Scientists at the Ohio State University have found evidence that humanity left its mark on one of the tallest summits in the Himalayas hundreds of years before any person is known to have set foot there.
Their research demonstrates that the left overs from the coal burned in late 18th century London, the birth place of the Industrial Revolution, found their way to the ice of the Dasuopu glacier in the central Himalayas. This is a 6,400 mile journey, in a straight line, from Industrial Revolution London.
This research was part of a larger project that traveled to the glacier in the late 90’s to drill ice cores from Dasuopu. These ice cores provide data on everything from snowfall, atmospheric circulation and other environmental changes over time.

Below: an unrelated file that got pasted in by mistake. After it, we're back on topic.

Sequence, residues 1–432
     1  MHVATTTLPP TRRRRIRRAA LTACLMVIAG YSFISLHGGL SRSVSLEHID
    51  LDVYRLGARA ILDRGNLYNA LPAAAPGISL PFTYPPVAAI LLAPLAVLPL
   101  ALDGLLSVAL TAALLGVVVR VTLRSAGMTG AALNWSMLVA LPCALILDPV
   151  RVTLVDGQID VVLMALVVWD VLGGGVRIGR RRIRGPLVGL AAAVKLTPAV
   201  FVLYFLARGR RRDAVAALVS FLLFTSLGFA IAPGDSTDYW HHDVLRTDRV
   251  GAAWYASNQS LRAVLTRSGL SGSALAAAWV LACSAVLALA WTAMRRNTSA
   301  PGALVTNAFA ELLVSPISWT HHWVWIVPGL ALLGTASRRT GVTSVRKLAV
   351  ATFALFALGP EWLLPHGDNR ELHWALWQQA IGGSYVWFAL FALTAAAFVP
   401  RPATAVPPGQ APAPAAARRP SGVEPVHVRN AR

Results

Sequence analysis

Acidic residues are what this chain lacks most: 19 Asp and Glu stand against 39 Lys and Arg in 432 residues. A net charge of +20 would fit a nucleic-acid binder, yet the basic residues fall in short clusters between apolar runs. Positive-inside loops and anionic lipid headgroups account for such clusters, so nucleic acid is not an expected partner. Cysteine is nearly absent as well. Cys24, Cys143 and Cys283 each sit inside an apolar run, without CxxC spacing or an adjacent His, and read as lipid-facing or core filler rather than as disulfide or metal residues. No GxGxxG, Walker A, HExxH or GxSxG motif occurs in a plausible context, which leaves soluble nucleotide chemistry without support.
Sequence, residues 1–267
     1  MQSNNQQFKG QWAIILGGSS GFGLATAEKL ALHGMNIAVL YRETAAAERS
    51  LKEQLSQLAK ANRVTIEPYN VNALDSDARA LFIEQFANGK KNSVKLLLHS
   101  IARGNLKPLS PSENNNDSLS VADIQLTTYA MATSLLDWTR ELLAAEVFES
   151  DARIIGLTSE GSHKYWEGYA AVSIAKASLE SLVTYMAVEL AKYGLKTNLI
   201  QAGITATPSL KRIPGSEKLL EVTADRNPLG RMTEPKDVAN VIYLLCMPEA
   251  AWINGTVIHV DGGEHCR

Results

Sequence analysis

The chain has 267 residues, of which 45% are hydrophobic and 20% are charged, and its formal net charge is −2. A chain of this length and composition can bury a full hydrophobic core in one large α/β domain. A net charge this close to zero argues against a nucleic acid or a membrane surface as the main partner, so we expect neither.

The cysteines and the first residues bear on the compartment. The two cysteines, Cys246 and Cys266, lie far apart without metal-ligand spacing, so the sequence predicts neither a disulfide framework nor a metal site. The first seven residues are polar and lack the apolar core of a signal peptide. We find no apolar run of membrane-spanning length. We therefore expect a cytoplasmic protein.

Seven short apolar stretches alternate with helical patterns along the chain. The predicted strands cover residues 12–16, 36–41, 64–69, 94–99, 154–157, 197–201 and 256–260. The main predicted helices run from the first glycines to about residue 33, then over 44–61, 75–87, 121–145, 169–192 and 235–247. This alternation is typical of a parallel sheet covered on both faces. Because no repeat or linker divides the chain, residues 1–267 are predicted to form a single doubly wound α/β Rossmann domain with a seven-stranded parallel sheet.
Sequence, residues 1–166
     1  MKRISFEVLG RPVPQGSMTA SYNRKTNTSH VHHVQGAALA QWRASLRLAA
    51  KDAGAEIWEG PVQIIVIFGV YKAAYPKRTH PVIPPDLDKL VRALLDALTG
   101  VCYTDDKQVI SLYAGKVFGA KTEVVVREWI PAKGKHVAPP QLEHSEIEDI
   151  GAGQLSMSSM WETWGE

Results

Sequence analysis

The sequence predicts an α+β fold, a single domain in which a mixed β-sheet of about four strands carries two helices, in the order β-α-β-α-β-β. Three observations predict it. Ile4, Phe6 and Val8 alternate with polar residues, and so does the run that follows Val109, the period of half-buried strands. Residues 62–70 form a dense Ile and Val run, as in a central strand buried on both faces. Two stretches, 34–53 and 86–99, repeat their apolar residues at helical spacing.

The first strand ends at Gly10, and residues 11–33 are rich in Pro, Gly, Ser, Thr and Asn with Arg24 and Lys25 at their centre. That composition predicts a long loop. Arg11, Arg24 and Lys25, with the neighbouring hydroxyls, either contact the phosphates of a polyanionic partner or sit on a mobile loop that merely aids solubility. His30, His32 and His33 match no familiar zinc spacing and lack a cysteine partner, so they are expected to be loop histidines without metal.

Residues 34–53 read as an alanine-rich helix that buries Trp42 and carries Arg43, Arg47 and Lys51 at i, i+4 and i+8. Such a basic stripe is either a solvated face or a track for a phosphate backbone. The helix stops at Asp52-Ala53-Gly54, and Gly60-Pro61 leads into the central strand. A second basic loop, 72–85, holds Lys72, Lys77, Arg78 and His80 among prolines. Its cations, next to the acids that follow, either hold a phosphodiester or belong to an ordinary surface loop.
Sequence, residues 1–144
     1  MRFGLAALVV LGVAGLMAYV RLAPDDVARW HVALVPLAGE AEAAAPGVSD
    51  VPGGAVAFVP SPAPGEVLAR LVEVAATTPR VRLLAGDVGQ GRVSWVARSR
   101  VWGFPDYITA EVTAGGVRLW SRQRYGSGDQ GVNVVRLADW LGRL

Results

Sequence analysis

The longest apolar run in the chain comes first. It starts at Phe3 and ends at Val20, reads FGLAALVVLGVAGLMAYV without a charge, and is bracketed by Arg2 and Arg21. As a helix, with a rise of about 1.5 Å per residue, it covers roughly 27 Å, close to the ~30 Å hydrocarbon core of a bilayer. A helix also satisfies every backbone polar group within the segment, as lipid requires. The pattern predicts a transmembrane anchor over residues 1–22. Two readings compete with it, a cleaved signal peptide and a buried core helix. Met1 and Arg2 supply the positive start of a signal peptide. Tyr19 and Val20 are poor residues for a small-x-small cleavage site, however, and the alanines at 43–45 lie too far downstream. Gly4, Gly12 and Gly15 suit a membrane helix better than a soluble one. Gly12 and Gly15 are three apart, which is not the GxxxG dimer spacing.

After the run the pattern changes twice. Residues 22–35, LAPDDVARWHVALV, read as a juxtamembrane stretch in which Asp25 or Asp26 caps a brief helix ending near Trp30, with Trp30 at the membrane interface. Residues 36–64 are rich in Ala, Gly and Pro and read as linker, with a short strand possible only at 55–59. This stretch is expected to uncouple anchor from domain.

Dasuopu is 23,600 feet above sea level making it the highest site in the world where in researchers have been able to collect a climate record in the form of an ice core. The glacier is located on Shishapangma mountain which is one of the world’s fourteen tallest. All of these fourteen of them Himalayan mountains.
The research team analyzed the core collected in the 90s for 23 different trace metals. Ice cores are kind of like a timeline. Researchers can see where new layers of ice have formed in the glacier over time. Using environmental data researchers can even predict accurately down to the year when a new layer formed.
The team looked specifically at a layer formed between 1499 and 1992 finding traces of coal burning in that layer suggesting the effects of London’s Industrial Revolution reached the Himalayas by wind.